Induction cookware heats up faster than on a gas or electric stove, saving you time in the kitchen and energy use on your utility bill. Since the pots and pans maintain a consistent temperature throughout, you get more control over your cooking experience.
Unlike traditional stovetops, induction ranges don’t emit gas into the air, and because heat focuses on the area where the pot/pan is, the surface is safer and easier to clean.
The Cons of Induction Cooking
On the flip side, there are disadvantages to induction cooking. Because the technology is rather new, induction ranges are significantly more expensive than gas or electric ones. Size matters, as well, when induction cooking.
If your pot or pan is too small or off-center, it won’t properly activate the stove’s heating element. And if the power goes out, there’s no dinner since induction stoves require electricity to work.
What to Look for When Considering Induction Cookware
There are several factors to bear in mind when it comes to induction cookware. Since induction stoves specifically require compatible cookware, what you already have in your cabinet may not work.
A quick way to test is to hold a magnet to the bottom: if the magnet attracts, then your pot is induction-compatible. Of course, even if your existing kitchenware works with induction cooktops, there’s nothing wrong with adding to your collection, either.
If you find yourself needing new pots and pans, here’s the basic rundown of the materials option you’ll find both with our top recommendations and on the cookware market in general.
Considering the Material Options
Induction cookware comes in four common material options: stainless steel, cast iron, ceramic, and traditional non-stick.
What Are the Benefits of Stainless Steel?
Although pricey, stainless steel cookware heats most evenly for some of the best cooking. It is heavy, durable, and can handle extremely high temperatures. The responsiveness of this construction also makes it preferable in many kitchens.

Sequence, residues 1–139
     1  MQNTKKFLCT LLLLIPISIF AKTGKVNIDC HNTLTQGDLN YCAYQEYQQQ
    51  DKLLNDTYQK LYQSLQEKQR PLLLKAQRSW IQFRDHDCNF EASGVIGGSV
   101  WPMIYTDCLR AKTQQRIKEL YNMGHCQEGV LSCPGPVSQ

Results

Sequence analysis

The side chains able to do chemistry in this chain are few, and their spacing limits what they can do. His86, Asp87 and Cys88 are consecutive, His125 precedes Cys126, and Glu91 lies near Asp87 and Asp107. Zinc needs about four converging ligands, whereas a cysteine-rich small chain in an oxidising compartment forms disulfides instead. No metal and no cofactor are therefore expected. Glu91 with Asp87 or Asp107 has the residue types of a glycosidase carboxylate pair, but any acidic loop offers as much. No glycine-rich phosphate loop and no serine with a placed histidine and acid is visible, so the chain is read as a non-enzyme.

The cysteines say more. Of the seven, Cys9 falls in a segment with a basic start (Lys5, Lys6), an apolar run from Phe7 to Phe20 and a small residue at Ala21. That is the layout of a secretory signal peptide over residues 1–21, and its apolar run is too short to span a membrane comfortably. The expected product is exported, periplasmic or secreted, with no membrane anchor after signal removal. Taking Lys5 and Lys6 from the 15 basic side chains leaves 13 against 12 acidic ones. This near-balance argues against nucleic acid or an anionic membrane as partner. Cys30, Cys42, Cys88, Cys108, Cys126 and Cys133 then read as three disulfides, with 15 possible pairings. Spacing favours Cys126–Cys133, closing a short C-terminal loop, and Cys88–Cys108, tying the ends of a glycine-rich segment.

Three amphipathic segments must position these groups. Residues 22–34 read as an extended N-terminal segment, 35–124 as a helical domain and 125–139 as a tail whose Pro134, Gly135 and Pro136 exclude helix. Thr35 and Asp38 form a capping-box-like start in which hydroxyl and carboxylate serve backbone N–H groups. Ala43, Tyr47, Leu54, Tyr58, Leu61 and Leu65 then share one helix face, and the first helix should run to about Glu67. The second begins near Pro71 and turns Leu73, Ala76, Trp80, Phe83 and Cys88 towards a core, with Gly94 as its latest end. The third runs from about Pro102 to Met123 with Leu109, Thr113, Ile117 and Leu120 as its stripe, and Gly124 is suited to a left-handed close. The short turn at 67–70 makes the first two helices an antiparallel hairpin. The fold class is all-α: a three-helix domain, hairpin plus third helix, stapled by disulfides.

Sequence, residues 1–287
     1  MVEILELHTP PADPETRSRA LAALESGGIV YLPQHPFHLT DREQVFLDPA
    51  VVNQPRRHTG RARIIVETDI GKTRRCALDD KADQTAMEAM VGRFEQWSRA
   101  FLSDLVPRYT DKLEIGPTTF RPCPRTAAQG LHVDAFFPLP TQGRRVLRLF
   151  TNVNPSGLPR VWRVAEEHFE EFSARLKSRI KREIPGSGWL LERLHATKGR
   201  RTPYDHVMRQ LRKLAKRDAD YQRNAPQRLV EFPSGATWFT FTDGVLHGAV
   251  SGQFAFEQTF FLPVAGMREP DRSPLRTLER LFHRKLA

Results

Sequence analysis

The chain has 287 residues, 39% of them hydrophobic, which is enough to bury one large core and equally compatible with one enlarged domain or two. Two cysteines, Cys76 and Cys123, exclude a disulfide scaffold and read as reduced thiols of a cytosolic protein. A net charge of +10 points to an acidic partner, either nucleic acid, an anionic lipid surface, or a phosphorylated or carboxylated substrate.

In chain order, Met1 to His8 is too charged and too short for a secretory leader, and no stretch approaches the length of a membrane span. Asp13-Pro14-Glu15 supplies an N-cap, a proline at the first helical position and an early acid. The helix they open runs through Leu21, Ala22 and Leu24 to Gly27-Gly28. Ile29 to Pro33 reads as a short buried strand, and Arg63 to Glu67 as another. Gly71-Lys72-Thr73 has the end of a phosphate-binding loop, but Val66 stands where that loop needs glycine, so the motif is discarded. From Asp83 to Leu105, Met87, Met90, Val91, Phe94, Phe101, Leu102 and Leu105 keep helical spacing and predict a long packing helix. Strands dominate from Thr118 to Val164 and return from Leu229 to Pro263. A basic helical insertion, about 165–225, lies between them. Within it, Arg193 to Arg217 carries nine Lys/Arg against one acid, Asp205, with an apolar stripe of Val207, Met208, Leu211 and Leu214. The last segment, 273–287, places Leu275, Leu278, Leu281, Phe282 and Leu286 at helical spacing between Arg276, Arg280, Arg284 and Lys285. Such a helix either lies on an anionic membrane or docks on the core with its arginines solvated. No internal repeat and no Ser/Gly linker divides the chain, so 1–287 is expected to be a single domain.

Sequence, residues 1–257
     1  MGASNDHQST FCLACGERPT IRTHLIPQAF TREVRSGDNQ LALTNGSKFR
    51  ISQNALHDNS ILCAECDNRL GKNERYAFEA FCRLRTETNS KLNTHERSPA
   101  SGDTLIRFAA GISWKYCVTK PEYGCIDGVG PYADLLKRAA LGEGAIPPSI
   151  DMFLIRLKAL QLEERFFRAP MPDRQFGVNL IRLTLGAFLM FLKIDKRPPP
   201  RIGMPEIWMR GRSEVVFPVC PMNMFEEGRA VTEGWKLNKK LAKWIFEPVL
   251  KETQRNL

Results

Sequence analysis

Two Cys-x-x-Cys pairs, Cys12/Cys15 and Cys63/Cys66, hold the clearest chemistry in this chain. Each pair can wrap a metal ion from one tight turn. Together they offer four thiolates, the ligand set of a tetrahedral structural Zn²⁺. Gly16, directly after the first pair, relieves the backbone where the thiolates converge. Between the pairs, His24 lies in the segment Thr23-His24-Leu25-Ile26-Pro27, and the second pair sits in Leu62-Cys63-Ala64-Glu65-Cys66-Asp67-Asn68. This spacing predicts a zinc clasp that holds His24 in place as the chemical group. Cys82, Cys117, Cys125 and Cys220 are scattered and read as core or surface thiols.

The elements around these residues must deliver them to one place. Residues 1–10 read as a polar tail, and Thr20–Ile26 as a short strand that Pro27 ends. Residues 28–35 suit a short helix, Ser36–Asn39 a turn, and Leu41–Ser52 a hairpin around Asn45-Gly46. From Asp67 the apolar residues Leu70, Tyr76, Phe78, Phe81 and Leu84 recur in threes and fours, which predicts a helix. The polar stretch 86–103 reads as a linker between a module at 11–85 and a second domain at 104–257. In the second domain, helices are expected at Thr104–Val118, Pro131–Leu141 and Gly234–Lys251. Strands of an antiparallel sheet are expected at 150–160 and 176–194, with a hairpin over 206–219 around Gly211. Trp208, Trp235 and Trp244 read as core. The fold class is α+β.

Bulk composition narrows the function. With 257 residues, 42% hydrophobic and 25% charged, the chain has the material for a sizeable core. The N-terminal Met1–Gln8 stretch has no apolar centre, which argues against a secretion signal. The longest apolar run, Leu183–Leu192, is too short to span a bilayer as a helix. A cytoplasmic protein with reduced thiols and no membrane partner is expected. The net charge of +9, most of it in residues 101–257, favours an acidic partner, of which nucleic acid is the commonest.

Why Choose Cast Iron?
It’s almost impossible to ruin a cast iron skillet, one of the reasons they are so long-lasting. When seasoned properly, they are great for nonstick cooking, and cast iron holds heat, so it will keep food warm long after it’s done cooking.
What Are the Advantages of Buying Ceramic?
Ceramic cookware provides a popular alternative to nonstick coating without the use of Teflon. Because the coating itself is non-toxic, no chemicals are released when the pan is heated up.
Why Buy Traditional Nonstick?
Nonstick cookware is the easiest of the bunch to clean and works well for sticky or delicate dishes. Since it isn’t necessary to coat the pan with oil or butter before cooking, nonstick pans can also provide a great option for kitchens who want to eliminate fats or oils from their diet.
While the T-Fal set is a great nonstick selection and the Calphalon set is a quality stainless steel collection that won’t break the bank, we think the induction cookware set that gives you the most bang for your buck is the Farberware option.
Since its base is stainless steel, you are still getting a durable material, but at a lower price point than higher-quality sets. The pots and pans are quite sturdy yet easy to handle and hold up fairly well with everyday use. This cookware can withstand an oven temperature up to 500 and (in a pinch) is dishwasher-safe, allowing you to make a variety of dishes with easy cleanup. Overall, a total win in our book!